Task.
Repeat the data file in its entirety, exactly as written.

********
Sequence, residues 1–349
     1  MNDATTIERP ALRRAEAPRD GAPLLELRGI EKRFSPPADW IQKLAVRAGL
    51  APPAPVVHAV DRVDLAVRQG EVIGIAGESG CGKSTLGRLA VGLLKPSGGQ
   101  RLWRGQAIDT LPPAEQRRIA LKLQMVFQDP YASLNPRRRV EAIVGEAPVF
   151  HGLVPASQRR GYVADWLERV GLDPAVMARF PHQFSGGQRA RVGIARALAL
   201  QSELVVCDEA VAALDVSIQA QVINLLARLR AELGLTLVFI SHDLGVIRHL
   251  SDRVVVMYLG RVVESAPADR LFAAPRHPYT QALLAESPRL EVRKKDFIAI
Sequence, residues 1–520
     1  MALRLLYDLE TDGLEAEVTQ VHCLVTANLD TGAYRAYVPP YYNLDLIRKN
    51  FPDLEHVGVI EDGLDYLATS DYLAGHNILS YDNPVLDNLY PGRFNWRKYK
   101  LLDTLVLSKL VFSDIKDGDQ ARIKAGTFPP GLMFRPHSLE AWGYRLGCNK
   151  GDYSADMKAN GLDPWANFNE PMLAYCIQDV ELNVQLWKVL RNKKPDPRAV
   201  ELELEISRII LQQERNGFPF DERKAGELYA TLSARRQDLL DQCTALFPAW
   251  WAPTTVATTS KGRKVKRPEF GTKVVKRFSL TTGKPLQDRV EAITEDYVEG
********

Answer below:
Sequence, residues 1–349
     1  MNDATTIERP ALRRAEAPRD GAPLLELRGI EKRFSPPADW IQKLAVRAGL
    51  APPAPVVHAV DRVDLAVRQG EVIGIAGESG CGKSTLGRLA VGLLKPSGGQ
   101  RLWRGQAIDT LPPAEQRRIA LKLQMVFQDP YASLNPRRRV EAIVGEAPVF
   151  HGLVPASQRR GYVADWLERV GLDPAVMARF PHQFSGGQRA RVGIARALAL
   201  QSELVVCDEA VAALDVSIQA QVINLLARLR AELGLTLVFI SHDLGVIRHL
   251  SDRVVVMYLG RVVESAPADR LFAAPRHPYT QALLAESPRL EVRKKDFIAI
Sequence, residues 1–520
     1  MALRLLYDLE TDGLEAEVTQ VHCLVTANLD TGAYRAYVPP YYNLDLIRKN
    51  FPDLEHVGVI EDGLDYLATS DYLAGHNILS YDNPVLDNLY PGRFNWRKYK
   101  LLDTLVLSKL VFSDIKDGDQ ARIKAGTFPP GLMFRPHSLE AWGYRLGCNK
   151  GDYSADMKAN GLDPWANFNE PMLAYCIQDV ELNVQLWKVL RNKKPDPRAV
   201  ELELEISRII LQQERNGFPF DERKAGELYA TLSARRQDLL DQCTALFPAW
   251  WAPTTVATTS KGRKVKRPEF GTKVVKRFSL TTGKPLQDRV EAITEDYVEG